Greetings! Currently, I’m a senior in Political Science with the following minors: Africana Studies, Philosophy and Public Policy. I’d like to share with you some of my experiences while living in Washington D.C. for four months. Despite the government shutdown, luckily, it became an opportunity for me to acquire two internships. I was able to attend the Women’s March, visit the United States Supreme Court (SCOTUS), and even see the Obama portraits. As it pertains to my research on Black Lives Matter (BLM), Say Her Name (SHN), and Mothers of the Movement (MOM), I was able to experience an all women led protest. After reading this post, hopefully, you will consider a D.C. internship as a part of your undergraduate journey. The Political Science department has their own D.C. program and would encourage you to apply. Not only did I get the opportunity to work in both the private and public sector but discover my intense enthusiasm for law. I fell in love with the city’s rigorous pace of life, culture, food, and voracious drive.
Internship Experiences- Barnes and Thornburg and The Federal Judicial Center
Prior to the coming to D.C., I secured my internship with the Federal Judicial Center (FJC). The FJC is the research and education center for the Judicial branch. Three days after moving into my apartment, I was furloughed. My first inclination was to panic. After a successfully acquiring an internship with Barnes and Thornburg law firm, my self-assurance was strengthened. The firm taught me the basics of how firms operate, the importance in developing good relationships with clients, and the meticulous nature of providing consistent work. The staff and attorneys took time to answer my questions and share their accrued wisdom in the profession. In addition, the FJC provided a wonderful representation of the public sector within the judiciary. Within the agency, I worked with the Management Professional Development Education (MPDE) group, a subdivision of the Education division. Learning about the different styles of management and how it can be applied to the court room expanded my knowledge about the internal workings of this branch. Also, it strengthened my organizational skills while exposing me to the culture of the branch. Most importantly, this internship helped to decide if working for the government should be an ultimate career goal. Below is a picture of me at the FJC.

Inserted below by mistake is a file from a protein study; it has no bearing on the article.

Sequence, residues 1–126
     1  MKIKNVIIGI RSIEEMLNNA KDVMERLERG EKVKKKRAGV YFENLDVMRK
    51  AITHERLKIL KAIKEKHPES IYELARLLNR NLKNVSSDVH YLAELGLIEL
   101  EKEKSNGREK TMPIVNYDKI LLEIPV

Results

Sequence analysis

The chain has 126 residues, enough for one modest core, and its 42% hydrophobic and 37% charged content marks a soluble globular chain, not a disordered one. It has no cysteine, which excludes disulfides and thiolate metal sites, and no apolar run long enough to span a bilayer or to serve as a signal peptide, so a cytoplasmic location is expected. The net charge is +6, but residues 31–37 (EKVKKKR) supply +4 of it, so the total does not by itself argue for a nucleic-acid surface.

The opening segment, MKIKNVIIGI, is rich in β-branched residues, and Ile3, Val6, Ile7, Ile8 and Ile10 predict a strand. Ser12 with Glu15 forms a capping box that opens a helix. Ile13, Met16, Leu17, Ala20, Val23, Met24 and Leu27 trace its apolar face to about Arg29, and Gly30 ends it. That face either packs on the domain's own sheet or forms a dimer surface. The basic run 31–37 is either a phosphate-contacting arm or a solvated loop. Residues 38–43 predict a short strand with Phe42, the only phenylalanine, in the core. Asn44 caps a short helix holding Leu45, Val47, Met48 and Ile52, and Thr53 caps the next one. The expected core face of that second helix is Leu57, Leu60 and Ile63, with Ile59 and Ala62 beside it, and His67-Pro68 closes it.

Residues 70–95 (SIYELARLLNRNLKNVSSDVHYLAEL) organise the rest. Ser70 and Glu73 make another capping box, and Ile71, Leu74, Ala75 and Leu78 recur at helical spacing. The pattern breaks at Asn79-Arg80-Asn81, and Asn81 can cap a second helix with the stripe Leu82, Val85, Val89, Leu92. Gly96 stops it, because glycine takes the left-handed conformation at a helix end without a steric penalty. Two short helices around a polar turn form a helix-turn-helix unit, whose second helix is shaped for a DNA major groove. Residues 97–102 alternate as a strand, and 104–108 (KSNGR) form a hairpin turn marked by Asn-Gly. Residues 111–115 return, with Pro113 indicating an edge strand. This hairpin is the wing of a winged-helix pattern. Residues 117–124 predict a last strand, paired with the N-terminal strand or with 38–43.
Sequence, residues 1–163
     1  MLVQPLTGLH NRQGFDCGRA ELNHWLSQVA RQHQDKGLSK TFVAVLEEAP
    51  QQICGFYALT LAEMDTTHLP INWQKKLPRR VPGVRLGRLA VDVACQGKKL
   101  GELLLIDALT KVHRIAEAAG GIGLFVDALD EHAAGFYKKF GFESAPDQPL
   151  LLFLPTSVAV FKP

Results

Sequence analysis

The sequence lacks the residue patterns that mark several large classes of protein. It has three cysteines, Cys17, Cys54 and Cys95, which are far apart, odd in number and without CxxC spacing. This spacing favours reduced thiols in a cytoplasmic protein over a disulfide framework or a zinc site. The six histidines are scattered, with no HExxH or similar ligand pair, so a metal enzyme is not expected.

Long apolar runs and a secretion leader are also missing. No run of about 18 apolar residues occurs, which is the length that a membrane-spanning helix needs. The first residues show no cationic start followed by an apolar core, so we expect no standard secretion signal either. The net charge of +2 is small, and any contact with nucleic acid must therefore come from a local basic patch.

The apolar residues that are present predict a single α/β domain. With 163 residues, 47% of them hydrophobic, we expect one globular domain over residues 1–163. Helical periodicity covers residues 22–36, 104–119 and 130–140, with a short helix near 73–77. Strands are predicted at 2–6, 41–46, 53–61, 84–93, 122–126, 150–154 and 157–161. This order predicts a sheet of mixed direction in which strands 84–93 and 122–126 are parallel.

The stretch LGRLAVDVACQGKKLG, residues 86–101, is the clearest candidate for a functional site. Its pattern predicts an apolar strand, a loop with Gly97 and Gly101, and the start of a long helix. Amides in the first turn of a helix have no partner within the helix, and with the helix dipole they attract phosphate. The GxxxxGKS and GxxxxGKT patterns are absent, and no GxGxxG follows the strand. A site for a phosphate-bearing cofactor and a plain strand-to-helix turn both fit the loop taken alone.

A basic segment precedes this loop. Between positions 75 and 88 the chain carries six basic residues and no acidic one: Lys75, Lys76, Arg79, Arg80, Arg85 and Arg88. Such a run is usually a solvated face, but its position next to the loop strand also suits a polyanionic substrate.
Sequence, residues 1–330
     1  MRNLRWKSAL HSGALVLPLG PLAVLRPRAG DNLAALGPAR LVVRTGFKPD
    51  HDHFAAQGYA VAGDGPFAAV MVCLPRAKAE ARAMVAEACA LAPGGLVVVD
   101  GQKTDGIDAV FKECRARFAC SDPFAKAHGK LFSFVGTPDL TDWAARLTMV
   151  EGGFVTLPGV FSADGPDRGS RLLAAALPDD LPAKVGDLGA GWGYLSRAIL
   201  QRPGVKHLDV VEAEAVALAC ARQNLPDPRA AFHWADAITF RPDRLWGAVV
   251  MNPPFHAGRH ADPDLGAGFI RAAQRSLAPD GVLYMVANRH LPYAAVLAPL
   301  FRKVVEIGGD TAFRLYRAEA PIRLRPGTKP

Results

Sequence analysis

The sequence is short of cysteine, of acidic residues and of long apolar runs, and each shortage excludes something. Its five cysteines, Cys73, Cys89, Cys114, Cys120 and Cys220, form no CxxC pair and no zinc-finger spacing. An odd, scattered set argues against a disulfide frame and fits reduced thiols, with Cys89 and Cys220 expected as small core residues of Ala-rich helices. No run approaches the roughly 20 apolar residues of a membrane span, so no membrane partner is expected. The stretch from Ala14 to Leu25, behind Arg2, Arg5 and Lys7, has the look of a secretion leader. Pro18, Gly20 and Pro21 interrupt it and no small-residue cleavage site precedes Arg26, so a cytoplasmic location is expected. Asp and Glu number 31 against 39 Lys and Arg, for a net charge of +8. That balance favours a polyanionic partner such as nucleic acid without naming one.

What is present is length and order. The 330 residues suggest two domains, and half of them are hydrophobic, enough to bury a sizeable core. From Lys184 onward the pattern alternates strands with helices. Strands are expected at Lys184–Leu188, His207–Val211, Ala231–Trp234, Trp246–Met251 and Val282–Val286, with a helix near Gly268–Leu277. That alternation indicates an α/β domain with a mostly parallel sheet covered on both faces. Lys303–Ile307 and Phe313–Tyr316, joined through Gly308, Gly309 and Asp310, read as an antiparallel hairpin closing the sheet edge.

My Research on Black contemporary movements: Women’s March/Black Lives Matter
Currently, my research focuses on the imagery of black women and how it benefits or harms the black community in their quest for racial justice and equality. I study the role of images in Africa American liberation and to compare and contrast previous counter-images with new images that are emerging in the Black Lives Matter (BLM), Mothers of the Movement (MOM),the Say Her Name Movement (SHN),and their resistance to police brutality, stereotypes, and the disregard intersectional influences. I wanted to see how well BLM, MOM, and SHN overlapped with the goals of the Women’s March. Attending this protest gave life to the articles and books read over the past months. It allowed me to connect with my research on a personal level, giving me insight as to how Black women and girls are affected, presence, and prominence in leadership.
Visiting SCOTUS- The Supreme Court was much grander than imaged. I wished that there was enough time to look up the case. It would have been easier for me to follow the oral arguments. However, seeing all the justices was a marvelous and rare occasion. Surprisingly, the justices were relaxed. Compared to the Senate and the House, I dare say that the Supreme Court was one of the most relaxed chambers ever encountered. I believe this was due to not having any forms of media present. (Pictures: The Court, Thurgood Marshall, Sandra Day O’Conner)
Visiting: Portrait Gallery –I needed to see the Obamas for inspiration and encouragement. You cannot see everything in one visit. Each visit, there’s something new to see. It did not take me and group of peers long to find President Obama’s portrait. I was able to get in the line before it got any longer. The portrait was amazing to see in person. The detail and color were impeccable. Mrs. Obama’s portrait was on the next floor and it was worth our while. I liked Mrs. Obama’s portrait better. Tony Morrison, Beyoncé, and LL Cool J were also in the same room! The last highlight was a portrait of the four female justices in SCOTUS. I did not think such a portrait existed. In the portrait, there’s shadow. Maybe the shadow is a nod to another future female justice. Below are some pictures I took while there. (The Four Justices, Former First Lady Michelle Obama, Former President Barack Obama).
What’s next? I’m working on expanding and publishing my research. It is my hope that it will facilitate the review of discourse in social media concerning the effects of intersectionality (i.e. race, gender, and sexuality) on the definition of citizenship and symbolic illustrations of citizenship for Black women. Next, I am looking forward to being among IUPUI’s first in the POLS (Politics, Opportunity, Leadership, Social Entrepreneurship) D.C. program for Spring 2020! Lastly, After graduating, I will be attending law school. Both criminal and civil law are an interest. Hopefully, I can choose between the two.